Picture walking into your small business on a Monday and turning on your computer only to receive an error message, “Debug malware error 666-system 13.exe failure”. You try “control-alt-delete”, powering down and re-booting and even the Lord’s Prayer but all to no avail. And then you discover that the problem is afflicting all of your business computers and servers and has crashed your website as well.
Fortunately your smartphone isn’t yet afflicted and you get your computer consultant on the line. She tells you that the virus has inflicted damage across a large swath of U.S. businesses and elsewhere around the globe. The tech companies believe it may have been caused by a malicious hack and are working on patches to fix the problem. Nobody knows for sure yet who the perpetrators are, but she says international terrorist organizations may be involved.
After a week of intense efforts by your consultant, the computers are back to normal and your website is back online. Unfortunately the line at the bottom of your Profit & Loss statement will be anything but normal for that month between your consultant’s fees and loss of worker productivity and Ecommerce sales. And the ultimate source of the malware afflicting the nation has also been discovered: the U.S. Department of Defense.
Before we’re accused of engaging in some anti-governmental screed here, the above hypothetical is actually a concern within the government itself. The use of the Internet and social media by terrorist organizations, as well as cyber warfare buy foreign governments, has led to calls for a more robust cyber warfare program by the DOD. If the challenges to traditional “boots on the ground” military operations against terrorist organizations seem problematic, they pale in comparison to the unchartered territory of cyber warfare.
Consider this simple example. When a missile is aimed at a target, the extent of damage both intended and collateral is at least quantifiable. Even in the tragic worst-case scenario of civilian populations being injured, the blast zone is measurably finite. However, intelligence analysts warn that the use of even a targeted cyber weapon could result in unintended consequences that ripple across the web.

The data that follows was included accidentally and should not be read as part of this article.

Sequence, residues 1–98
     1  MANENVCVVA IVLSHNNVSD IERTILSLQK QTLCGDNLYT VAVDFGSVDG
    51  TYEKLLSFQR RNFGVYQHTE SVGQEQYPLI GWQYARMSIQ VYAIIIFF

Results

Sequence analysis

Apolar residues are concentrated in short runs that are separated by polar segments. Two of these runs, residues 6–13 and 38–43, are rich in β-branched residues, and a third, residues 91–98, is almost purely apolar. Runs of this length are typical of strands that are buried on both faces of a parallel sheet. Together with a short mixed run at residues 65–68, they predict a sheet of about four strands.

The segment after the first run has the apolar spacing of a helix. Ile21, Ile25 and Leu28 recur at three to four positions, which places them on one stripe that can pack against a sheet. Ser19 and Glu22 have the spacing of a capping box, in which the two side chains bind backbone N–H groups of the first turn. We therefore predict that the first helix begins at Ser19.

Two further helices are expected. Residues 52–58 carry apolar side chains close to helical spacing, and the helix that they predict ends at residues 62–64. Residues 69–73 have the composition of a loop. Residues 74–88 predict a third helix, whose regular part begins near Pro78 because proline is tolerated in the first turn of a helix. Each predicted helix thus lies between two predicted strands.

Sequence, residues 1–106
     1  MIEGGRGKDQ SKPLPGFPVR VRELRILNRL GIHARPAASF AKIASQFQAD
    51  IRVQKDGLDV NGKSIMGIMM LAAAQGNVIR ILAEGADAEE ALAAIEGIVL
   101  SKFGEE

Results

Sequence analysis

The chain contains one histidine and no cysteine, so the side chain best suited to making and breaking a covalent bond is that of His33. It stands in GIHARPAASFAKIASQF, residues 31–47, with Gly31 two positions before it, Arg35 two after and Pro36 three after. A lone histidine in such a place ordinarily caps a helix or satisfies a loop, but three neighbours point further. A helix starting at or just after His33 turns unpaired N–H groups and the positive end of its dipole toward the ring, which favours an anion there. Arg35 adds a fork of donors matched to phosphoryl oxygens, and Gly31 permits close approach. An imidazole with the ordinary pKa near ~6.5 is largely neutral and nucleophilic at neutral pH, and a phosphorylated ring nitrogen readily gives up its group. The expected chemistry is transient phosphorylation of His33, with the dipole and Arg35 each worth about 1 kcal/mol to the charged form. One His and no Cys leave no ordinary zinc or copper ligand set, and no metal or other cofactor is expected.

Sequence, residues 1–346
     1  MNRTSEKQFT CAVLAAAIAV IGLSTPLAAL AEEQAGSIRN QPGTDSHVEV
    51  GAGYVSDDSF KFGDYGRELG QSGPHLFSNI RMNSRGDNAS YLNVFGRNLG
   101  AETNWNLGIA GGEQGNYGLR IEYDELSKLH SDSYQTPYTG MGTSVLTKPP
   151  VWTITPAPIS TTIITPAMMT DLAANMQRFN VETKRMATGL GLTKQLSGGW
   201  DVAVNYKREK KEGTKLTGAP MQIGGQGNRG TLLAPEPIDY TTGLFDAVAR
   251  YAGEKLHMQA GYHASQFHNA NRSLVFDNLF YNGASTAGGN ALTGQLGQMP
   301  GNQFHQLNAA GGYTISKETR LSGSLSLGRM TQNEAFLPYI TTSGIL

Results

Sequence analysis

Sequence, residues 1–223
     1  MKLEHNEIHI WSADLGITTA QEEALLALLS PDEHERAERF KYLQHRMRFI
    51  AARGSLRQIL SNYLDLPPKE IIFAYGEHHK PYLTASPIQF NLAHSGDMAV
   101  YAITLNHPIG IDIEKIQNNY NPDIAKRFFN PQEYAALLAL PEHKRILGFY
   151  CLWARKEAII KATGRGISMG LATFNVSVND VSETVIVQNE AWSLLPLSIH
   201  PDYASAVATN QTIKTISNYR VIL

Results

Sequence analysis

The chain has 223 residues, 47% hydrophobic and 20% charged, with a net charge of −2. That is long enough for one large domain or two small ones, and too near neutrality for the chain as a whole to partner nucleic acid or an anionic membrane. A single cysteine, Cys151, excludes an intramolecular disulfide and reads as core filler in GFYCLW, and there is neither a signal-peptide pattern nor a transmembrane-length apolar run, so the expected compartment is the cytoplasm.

What if as a cover a terrorist organization routs its online operations through a civilian power grid system and a U.S. cyber attack slows that system and it crashes? Or getting closer to home, that a terrorist organization booby-traps its systems so that an attack is boomeranged into a U.S. system that they’ve discovered a vulnerability in? Say a network of hospitals? “Cybersecurity and Cyberwar” author and respected Washington think tanker Peter Singer has said, “This is a new realm of war” and warned that although the U.S. will improve its capabilities, they will never be 100 percent.
Its likely that as terrorist organizations continue to use the Internet for propaganda and recruitment purposes, and as foreign governments step up cyber warfare efforts, that calls for a more robust U.S. cyber warfare deployment will grow louder. And the foregoing discussion does not even touch upon the current call for the legal ability of private actors (e.g., corporations) to use countermeasures in their systems against cyber attacks. In plain English, that when a company’s network is cyber attacked it could for example deploy a counterattack that would disable the attacker’s system. Which of course presupposes that the attacker’s system is properly identified.
What do these potentially chaotic scenarios mean for your small business? At a minimum, that an assumption that there’s no reason for anybody to attack your systems is beside the point in an interconnected cyber world. More concretely, that your business needs to be ever vigilant to ensure against vulnerabilities that could be exposed by the unintended consequences of cyber warfare undertaken by governmental or private actors. To proceed otherwise, risks your bottom line becoming collateral damage.
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